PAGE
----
Let There Be Chalking: Window Replacement Energy Efficiency

Replacing your windows delivers delivers an aesthetic pop. However, the biggest wow factor might be when you open your monthly energy bills. Today's modern windows can reduce heating and cooling costs drastically.

You might be able to get even more energy savings inexpensively with a little chalking and ingenuity.

Get into the Groove

Most windows are fitted into place using casings. Although these casings are cut to fit snuggly into your home's walls, overtime, the casings can swell and shrink, creating gaps that let heat escape in the winter and cool air escape during the summer. Furthermore, the chalking used to seal your window casing can crack and become weak.

Removal: to start the rechecking process, you must begin with a clean slate. The most efficient way to remove old chalk is with a flat-head, slender, screw driver and a ladder (if replacing taller windows). Begin at corners, driving the screwdriver's head into the groove separating the casing and the wall. If possible, wiggle the screwdriver head to dislodge the chalking. You can often displace the chalking and peel it away in one clean strip. Proceed until all four sides of the window casing are completely free of chalking.

Blow in Some Fresh Air and Repair

As your home settles and your window casings age, once solid transitions can become porous and fragmented. In order for your chalking to provide a solid seal, you need to make sure that it provides a flush seal.

Compressed Air: because you want to make sure that water doesn't leak into your walls or jeopardize your window casings, you need to clean the space between your window casings and your walls without using water. An efficient solution to this problem is utilizing compressed air. Run a stream of compressed at angle both forwards and backwards along the window casing edge. The goal is give yourself at least 1/2 inch recess from the surface of the wall toward the base of your window casing.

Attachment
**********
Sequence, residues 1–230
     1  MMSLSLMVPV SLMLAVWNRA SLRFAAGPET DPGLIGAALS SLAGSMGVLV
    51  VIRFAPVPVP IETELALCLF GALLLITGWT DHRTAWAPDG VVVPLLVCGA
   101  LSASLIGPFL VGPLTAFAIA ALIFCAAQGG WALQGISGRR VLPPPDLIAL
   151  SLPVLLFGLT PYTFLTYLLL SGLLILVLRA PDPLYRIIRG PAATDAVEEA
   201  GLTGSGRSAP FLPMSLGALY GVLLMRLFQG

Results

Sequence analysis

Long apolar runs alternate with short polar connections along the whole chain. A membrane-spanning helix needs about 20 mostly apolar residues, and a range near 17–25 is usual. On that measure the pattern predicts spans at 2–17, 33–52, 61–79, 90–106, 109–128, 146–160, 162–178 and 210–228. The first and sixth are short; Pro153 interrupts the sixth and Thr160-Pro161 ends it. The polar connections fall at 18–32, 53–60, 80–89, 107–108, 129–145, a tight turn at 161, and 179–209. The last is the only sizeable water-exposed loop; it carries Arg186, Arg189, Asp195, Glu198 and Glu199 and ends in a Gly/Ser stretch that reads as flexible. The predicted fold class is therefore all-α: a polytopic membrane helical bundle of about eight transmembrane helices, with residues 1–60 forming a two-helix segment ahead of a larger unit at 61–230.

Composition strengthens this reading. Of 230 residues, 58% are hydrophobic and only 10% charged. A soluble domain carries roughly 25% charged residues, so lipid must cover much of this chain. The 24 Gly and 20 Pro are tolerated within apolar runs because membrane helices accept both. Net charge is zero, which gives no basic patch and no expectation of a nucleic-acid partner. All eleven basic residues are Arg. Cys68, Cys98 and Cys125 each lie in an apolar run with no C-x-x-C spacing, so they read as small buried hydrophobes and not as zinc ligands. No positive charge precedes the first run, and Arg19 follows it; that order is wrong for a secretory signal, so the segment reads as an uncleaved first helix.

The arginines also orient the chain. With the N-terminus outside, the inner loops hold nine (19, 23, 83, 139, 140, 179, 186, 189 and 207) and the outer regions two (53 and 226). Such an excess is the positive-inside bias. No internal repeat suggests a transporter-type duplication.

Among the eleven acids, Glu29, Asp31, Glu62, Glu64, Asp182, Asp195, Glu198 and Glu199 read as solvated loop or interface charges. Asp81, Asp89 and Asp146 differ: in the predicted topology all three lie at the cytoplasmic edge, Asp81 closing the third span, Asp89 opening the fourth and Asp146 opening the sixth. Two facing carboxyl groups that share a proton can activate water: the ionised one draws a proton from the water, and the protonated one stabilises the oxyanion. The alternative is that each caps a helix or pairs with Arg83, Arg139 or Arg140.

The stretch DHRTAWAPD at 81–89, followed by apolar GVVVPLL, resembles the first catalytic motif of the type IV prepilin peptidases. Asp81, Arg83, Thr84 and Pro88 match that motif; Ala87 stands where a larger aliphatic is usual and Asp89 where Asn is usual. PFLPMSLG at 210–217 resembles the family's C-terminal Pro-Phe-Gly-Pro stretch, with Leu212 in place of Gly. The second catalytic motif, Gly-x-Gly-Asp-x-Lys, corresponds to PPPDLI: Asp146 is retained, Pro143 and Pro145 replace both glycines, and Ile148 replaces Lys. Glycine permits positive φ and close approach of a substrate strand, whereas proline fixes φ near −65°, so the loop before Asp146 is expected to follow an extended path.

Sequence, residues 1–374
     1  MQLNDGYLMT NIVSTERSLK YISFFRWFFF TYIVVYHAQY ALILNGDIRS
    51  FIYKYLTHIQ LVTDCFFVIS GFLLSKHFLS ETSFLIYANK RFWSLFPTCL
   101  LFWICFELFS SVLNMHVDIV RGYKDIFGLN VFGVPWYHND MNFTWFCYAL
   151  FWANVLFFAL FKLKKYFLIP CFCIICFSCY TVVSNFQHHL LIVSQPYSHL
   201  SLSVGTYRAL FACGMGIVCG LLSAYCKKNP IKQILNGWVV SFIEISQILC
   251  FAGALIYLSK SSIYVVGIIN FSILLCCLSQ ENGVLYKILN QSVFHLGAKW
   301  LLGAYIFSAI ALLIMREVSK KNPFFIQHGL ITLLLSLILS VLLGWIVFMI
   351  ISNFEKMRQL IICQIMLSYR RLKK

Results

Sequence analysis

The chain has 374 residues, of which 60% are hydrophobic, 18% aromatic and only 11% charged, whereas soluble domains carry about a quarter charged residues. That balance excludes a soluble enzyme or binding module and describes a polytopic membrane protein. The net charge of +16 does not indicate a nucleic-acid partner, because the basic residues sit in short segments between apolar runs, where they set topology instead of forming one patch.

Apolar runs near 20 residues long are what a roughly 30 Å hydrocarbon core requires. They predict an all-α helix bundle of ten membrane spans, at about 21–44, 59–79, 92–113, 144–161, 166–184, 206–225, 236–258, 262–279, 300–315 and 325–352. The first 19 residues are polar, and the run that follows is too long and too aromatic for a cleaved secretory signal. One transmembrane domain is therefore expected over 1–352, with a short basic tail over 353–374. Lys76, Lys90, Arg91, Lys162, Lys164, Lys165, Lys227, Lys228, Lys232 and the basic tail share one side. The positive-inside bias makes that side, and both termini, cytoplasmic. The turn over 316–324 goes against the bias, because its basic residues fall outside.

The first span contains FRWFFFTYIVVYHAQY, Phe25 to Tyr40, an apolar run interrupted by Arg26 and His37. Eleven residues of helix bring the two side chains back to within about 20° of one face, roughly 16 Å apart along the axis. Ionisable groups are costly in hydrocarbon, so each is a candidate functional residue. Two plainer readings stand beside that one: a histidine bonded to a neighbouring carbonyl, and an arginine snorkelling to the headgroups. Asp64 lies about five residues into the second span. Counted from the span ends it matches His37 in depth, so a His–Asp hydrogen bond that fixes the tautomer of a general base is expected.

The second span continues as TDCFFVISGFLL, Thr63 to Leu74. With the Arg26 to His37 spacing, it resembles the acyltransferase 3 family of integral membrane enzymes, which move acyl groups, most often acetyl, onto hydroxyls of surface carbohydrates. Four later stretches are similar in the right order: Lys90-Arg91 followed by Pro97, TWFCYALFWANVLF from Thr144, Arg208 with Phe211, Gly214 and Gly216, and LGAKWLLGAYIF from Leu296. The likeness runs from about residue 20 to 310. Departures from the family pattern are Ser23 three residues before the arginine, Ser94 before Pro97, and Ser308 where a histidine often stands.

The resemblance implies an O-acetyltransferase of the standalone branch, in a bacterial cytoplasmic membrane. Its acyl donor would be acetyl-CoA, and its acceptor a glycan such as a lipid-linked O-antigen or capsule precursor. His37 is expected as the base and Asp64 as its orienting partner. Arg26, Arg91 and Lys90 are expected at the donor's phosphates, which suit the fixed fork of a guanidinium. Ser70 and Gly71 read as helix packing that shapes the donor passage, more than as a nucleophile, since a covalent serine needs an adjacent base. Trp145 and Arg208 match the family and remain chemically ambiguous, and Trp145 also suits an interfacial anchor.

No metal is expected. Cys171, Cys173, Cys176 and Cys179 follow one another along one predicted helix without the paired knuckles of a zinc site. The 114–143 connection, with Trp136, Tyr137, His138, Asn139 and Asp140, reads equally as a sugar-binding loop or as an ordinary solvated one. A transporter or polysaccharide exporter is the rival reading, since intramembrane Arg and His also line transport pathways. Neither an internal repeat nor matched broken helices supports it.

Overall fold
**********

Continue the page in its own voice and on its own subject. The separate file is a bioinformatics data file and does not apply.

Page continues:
Repairing: If your walls of crumbled, you may need to use drywall putty to smooth out the surface. However, you should not apply chalking onto the area until it is complete smooth and dry. You may also smooth out the area using a  bite of fine grained sandpaper.

Applying the window chalking is fairly straight forward. The key to giving yourself the best seal, however, is to perform the chalking in layers. Start with a thin layer 1/2 into the space and work out toward the surface of the casing as it fills.

For more information, reach out to a replacement window professional.